The gas/oil ratio (GOR) is considered to be the most important measurement for separator samples, and it is dependent on errors in both the gas flow rate and the oil flow rate, which are measured separately. New techniques have seen limited application to reduce errors in GOR, such as the injection of a standard marker chemical upstream of the separator and measurements of the concentrations in the separated gas and liquid streams. Also, use of various carry-over measurement techniques has been made, such as the isokinetic approach described briefly earlier. However, significant improvements can be achieved simply by proper sizing, calibration, and recording.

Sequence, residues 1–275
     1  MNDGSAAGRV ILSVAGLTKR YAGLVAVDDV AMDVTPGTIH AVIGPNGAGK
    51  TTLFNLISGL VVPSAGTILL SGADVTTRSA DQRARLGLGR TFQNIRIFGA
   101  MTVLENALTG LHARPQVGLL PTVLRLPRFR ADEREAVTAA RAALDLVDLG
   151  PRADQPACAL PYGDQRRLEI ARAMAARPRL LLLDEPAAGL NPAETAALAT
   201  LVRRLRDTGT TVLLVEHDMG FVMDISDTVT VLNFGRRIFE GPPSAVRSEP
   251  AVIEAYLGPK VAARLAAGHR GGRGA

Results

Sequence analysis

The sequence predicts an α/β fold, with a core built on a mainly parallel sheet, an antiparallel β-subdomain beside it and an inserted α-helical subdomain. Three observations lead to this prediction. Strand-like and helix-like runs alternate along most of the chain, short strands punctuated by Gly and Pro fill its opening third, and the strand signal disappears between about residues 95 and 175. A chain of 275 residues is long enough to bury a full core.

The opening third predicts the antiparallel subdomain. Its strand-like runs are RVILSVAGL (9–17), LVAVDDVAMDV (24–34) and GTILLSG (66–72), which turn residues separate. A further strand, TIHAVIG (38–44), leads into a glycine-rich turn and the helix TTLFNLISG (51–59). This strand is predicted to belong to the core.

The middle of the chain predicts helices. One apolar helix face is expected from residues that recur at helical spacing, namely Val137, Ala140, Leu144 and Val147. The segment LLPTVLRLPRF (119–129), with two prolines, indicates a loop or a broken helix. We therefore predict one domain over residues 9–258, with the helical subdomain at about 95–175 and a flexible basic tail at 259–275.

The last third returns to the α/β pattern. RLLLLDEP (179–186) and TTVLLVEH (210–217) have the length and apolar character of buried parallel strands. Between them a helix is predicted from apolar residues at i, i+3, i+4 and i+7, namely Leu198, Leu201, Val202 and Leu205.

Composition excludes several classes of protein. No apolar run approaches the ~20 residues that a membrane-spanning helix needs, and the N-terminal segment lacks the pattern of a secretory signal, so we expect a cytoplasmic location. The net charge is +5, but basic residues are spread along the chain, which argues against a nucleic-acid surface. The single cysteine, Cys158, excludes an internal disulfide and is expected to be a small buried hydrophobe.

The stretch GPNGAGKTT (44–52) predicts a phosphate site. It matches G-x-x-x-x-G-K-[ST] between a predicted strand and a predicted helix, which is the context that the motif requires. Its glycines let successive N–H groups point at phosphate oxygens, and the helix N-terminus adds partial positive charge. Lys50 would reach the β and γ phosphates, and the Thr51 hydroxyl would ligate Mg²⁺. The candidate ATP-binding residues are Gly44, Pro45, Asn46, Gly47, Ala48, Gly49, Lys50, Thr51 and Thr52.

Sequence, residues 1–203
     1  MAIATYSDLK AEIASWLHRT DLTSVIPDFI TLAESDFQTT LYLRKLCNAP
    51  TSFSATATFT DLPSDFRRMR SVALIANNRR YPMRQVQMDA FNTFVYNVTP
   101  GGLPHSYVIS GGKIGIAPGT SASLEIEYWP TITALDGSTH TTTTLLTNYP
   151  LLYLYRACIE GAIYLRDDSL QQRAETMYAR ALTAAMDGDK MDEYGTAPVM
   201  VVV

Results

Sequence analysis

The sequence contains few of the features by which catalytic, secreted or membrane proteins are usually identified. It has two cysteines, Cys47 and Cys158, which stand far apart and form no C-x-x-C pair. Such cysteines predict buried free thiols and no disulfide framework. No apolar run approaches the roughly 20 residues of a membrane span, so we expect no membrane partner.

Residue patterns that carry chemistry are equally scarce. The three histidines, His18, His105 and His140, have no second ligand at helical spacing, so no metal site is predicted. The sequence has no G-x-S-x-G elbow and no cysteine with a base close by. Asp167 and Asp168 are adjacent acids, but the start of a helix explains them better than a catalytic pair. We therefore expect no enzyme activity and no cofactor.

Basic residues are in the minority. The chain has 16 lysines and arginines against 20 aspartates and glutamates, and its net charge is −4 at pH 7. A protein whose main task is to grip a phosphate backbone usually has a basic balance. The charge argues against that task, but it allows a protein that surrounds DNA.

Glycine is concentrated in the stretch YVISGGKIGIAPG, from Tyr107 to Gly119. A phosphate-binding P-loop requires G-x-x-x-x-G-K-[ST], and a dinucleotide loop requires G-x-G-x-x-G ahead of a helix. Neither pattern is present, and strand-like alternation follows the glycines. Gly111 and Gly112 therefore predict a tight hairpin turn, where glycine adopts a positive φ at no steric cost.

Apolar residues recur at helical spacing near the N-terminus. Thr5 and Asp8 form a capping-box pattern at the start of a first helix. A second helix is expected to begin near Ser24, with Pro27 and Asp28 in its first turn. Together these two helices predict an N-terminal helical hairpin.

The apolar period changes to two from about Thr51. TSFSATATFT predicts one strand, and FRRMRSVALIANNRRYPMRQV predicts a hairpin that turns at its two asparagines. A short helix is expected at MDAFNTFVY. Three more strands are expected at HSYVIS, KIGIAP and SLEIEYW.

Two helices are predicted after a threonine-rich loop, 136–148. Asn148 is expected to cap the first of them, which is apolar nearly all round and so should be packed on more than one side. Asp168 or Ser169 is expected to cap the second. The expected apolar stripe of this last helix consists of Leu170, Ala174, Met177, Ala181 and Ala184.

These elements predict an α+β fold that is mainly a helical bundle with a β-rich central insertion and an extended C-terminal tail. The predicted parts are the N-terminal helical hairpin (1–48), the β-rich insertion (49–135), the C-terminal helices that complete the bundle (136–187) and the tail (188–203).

Measuring gas rate accurately